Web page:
The third theme is sustainability as a domain to build useful and analytical applications that improve citizens’ quality of life. As human population increases and resourcesbecome scarce, there is an increasing challenge faced by governments about how to promote better usage of what we have. The scientific community has responded to these challenges by promoting the computational sustainability vision where resources consumed by a city, such as water, energy, land, food and air, can be monitored to know the accurate present picture and then optimized for resource efficiency without degrading quality of services it provides -traffic movement, water availability, sanitation, public safety, etc. Industry has joined the vision with a “smart” or “intelligent” prefix for cyber-physical systems, which involve sensing the data through physical instruments,interconnecting and integrating them from multiple sources and analyzing them for intelligent patterns.
The trends are converging. In this context, the aims of the workshop are to:
- Draw the attention of the Software engineering community to the research challenges and opportunities in building web applications using open data for citizens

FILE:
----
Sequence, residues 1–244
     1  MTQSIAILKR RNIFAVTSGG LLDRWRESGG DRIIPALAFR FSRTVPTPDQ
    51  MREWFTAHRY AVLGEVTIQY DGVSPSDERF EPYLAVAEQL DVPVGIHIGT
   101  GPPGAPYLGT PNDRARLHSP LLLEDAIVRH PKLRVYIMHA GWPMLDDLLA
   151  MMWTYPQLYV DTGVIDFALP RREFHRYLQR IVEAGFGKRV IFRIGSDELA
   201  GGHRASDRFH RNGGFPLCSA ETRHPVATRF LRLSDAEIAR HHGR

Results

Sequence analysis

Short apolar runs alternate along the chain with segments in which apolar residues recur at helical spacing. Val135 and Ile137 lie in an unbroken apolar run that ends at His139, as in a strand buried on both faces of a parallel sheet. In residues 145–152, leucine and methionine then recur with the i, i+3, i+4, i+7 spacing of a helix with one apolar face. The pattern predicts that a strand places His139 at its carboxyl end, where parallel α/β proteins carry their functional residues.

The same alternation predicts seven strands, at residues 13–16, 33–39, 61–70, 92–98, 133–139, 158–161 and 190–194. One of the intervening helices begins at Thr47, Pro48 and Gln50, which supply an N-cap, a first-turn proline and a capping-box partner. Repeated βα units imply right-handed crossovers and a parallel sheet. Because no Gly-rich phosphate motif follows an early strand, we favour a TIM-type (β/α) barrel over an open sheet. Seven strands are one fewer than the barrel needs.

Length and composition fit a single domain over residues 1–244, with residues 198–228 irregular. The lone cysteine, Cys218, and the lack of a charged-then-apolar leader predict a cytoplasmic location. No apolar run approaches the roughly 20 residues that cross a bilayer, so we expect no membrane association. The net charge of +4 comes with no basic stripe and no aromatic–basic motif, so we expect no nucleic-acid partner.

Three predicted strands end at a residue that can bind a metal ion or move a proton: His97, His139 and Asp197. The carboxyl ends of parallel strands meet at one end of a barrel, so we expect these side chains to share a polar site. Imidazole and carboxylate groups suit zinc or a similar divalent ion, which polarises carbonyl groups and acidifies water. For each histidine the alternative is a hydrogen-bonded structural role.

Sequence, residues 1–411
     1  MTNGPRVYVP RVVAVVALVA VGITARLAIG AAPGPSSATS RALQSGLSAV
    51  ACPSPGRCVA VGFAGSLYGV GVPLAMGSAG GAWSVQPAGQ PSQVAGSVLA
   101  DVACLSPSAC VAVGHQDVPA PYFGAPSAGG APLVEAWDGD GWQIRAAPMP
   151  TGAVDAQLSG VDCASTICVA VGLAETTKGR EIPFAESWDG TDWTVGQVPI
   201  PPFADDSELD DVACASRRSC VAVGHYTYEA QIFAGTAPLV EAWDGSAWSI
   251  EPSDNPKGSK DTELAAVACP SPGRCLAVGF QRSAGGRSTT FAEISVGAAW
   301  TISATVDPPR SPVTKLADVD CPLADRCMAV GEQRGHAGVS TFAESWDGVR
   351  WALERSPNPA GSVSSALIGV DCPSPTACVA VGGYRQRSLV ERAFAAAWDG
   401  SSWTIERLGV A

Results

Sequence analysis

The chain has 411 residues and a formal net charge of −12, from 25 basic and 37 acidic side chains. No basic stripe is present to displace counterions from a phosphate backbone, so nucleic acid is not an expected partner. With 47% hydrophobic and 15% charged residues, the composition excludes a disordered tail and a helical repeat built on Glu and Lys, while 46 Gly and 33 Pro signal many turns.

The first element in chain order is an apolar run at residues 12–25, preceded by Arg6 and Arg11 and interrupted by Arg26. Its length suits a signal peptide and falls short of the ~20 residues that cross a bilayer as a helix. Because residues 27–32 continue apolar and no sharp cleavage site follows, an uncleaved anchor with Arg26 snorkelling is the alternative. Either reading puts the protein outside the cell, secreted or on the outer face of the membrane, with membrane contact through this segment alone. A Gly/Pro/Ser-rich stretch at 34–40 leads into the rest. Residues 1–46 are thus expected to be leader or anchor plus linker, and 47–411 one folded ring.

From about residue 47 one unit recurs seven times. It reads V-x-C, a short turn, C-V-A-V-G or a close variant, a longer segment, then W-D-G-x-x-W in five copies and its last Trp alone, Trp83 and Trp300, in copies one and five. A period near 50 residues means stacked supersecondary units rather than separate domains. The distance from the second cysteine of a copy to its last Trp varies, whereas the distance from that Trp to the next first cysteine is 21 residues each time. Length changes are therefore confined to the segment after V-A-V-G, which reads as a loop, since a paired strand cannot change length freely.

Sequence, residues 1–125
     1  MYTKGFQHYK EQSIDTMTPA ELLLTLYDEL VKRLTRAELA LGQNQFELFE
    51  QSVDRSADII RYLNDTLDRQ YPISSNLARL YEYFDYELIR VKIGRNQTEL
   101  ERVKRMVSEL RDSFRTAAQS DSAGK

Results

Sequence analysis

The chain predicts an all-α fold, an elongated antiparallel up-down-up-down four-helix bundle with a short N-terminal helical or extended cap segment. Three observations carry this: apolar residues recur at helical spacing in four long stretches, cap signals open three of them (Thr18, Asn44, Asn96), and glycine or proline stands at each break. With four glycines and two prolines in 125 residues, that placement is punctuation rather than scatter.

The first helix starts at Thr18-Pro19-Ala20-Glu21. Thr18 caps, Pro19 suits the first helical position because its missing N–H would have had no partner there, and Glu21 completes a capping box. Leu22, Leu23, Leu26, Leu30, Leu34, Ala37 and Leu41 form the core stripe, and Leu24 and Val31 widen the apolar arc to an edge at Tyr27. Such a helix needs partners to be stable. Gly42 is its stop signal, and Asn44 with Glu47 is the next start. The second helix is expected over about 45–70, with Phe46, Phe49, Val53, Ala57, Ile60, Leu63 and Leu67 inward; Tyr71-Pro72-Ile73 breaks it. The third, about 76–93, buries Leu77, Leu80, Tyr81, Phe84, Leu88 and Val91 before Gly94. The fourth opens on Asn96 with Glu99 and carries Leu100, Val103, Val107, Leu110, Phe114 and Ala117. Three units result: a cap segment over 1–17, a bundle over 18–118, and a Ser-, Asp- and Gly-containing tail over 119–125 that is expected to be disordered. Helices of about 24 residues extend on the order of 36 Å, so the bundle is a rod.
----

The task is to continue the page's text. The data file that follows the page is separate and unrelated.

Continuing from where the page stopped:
- Draw the attention on the multi-disciplinary dimension and its impact on government e.g., transportation, energy, water management, building, infrastructure
- Identify unique issues of this domain and what new (hybrid) techniques may be needed. As example, since governments and citizens are involved, data security and privacy are first-class concerns.
- Explore the software life cycle for the web applications including building, hosting and maintenance, commercialization, upgrades and retirement
- Cloud hosting issues
- Elaborate a benchmark for testing web applications techniques for city applications
- Provide a platform for sharing best-practices and discussion
- Understand how governments can help in better usage of their data and building of high-quality, usable applications, and provide feedback to improve
We encourage submissions that deal with topics involved in building web or mobile programs (applications and APIs) leveraging open data. Special preference will be given to contributions that go beyond open to other data sources (e.g., enterprise) and drive citizen centric decisions.